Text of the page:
I like taking long walks in the night; preferably before winter is upon us. It's just a personal past-time; I enjoy the cold air, the ominous winds, and of course, the lights that illuminate the front porch of every house. So, given that I take so many nighttime strolls, it should come to no surprise that I find John Carpenter's "Halloween" to be one of the scariest, most impacting horror films ever made; an absolutely outstanding example of its genre, with an understanding of atmosphere and fear that shall never die. I like a lot about it, and I've seen it plenty of times, but it's only now that I realize one thing that I really admire, among other things. In the film, like my walks, there are many sights to be seen; the lighten fronts of the homes, the lamps that keep the streets dimly lit, and the darkness itself. The film has a villain that travels on wheels by day; and within the shadows by night. As a "walker", this scares me, it really does. This is a suspenseful film that delves deep into the kind of paranoia that makes us human. When I first saw it, I began to do over-my-shoulder checks by the minute, hoping that the villainous force that haunts "Halloween", and the many sequels that followed, would not have found in me his next victim.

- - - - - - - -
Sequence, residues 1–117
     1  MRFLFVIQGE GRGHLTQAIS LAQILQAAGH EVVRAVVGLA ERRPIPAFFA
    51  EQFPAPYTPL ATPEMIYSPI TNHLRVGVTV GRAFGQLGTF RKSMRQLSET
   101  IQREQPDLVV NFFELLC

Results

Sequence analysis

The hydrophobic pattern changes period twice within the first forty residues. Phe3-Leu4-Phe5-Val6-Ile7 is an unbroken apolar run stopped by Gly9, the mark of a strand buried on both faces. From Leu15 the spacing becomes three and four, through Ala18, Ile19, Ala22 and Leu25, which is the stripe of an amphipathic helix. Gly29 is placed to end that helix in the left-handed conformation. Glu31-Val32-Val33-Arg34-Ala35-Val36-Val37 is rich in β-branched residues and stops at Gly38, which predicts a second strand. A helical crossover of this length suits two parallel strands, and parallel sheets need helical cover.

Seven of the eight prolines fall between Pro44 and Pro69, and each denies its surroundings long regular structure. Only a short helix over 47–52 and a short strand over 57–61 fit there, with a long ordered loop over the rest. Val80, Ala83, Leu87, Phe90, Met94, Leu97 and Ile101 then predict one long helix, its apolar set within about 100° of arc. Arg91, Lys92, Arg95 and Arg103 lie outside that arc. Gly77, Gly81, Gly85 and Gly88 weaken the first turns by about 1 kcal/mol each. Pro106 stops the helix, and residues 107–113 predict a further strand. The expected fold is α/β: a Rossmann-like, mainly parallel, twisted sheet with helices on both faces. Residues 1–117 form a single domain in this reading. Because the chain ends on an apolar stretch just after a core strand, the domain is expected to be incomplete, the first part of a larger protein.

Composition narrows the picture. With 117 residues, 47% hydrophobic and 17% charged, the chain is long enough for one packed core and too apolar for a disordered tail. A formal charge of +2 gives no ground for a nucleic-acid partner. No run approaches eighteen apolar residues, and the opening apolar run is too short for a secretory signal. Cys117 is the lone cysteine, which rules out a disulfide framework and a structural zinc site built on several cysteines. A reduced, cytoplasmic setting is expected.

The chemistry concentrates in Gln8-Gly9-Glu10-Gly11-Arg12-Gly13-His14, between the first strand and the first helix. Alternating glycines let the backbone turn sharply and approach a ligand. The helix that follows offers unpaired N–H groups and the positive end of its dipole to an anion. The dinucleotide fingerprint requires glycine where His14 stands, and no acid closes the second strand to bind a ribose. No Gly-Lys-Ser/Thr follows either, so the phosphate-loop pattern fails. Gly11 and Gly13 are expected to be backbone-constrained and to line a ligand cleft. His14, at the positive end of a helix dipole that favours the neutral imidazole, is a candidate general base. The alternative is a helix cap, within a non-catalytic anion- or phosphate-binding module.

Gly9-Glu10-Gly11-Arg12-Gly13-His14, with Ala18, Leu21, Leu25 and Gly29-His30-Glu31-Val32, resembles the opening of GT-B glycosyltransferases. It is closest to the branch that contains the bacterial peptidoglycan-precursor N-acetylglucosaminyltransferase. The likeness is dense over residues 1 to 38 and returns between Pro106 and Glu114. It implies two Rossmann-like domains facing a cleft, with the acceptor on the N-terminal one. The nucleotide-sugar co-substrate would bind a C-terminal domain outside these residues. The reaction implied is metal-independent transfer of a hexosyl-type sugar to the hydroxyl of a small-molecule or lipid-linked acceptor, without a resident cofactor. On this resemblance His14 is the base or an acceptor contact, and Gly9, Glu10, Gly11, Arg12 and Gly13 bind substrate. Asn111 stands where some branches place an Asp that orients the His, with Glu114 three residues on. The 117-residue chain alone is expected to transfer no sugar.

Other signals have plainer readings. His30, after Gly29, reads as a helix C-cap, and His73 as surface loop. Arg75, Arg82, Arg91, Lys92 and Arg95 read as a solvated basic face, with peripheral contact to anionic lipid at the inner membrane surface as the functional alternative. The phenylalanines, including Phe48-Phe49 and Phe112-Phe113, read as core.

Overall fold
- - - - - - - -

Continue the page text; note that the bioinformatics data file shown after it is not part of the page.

The film opens one night, on that titular holiday. The year is 1963, love and anticipation are in the air, and the night is still young. We see through the eyes of a stalker; young Michael Myers, a child that lives in a suburban house...within a suburban neighborhood. It is implied that his long, fun night of trick-or-treating has finally come to an end, although he does not enter his home upon returning, not just yet. First, he looks in the window and sees his older sister fooling around with her boyfriend while the Myers family parents are out somewhere, presumably for a special occasion. After spying on the two lovers for a little while, Myers lets himself in and follows them upstairs. He allows the boyfriend to leave, but then slowly makes his way up to his sister's room, eventually stabbing her to death with a kitchen knife. He then walks outside, emotionless, holding his weapon in hand, to be discovered by his parents, who return home to a shock.